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Invasive species like spotted lanternfly pose major risk to New York’s environment and agriculture

Invasive species are causing significant harm to New York’s environment and agriculture, according to state officials. With National Invasive Species Awareness Week underway, the spotlight is on pests like the spotted lanternfly, European starlings, purple loosestrife, and zebra mussels. These non-native species disrupt local ecosystems and economies by damaging crops, spreading disease, and outcompeting native species.


The spotted lanternfly, first identified in New York in 2020, poses a serious threat to the state’s valuable apple and grape industries by feeding on the sap of over 70 plant species. European starlings, introduced in the 19th century, now number in the millions, affecting agriculture by consuming and spoiling livestock feed and crops. Purple loosestrife and zebra mussels invade wetlands and waterways, outcompeting native species and clogging water intake systems.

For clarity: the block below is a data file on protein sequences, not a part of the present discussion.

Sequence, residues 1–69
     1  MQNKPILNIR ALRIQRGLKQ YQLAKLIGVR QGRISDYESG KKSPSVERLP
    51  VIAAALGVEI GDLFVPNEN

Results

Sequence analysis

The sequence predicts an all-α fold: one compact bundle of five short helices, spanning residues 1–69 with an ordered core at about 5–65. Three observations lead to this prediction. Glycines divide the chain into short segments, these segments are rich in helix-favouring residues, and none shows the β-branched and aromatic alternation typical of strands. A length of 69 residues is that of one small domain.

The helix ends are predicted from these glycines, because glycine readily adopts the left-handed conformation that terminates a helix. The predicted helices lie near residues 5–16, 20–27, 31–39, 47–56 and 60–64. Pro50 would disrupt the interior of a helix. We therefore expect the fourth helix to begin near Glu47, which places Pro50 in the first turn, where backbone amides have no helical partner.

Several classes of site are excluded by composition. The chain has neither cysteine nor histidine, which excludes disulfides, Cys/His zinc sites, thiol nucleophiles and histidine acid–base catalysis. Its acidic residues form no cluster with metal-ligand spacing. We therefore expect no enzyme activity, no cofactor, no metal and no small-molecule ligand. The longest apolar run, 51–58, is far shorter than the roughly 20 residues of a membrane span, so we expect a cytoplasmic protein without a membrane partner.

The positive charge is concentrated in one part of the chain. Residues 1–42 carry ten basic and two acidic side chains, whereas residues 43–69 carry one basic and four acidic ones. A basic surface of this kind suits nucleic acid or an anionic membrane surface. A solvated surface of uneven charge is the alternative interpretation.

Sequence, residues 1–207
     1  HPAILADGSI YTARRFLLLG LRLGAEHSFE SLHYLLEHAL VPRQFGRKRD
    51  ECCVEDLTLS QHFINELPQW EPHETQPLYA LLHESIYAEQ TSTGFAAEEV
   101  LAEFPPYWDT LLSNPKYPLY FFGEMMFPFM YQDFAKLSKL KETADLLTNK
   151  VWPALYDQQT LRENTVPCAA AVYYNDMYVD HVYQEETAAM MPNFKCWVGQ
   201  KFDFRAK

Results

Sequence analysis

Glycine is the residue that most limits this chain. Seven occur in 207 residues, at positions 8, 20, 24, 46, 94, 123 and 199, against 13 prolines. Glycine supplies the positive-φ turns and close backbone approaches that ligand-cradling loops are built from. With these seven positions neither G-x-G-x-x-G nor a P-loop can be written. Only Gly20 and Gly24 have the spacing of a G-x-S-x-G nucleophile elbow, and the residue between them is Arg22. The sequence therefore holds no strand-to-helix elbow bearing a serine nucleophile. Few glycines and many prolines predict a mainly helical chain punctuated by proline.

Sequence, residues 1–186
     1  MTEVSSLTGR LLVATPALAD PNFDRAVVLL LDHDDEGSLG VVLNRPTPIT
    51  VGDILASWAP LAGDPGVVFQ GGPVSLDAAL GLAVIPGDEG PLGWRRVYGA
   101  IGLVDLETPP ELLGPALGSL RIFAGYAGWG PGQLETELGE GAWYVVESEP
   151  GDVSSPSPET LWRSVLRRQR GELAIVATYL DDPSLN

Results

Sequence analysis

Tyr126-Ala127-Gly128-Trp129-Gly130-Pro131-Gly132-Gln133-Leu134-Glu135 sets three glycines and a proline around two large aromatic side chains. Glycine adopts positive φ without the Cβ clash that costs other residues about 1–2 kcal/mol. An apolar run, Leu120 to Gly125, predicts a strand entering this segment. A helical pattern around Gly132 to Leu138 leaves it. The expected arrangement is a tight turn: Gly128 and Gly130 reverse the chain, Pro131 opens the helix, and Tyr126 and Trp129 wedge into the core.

Efforts to combat these invaders are critical as they not only affect biodiversity but also New York’s economy and efforts to combat climate change. The state’s forests, key to carbon sequestration, are under threat from pests like the hemlock woolly adelgids, beech leaf disease, and the emerald ash borer. As climate change creates more hospitable conditions for these pests, the challenge of preserving New York’s natural heritage and meeting its climate goals becomes increasingly difficult.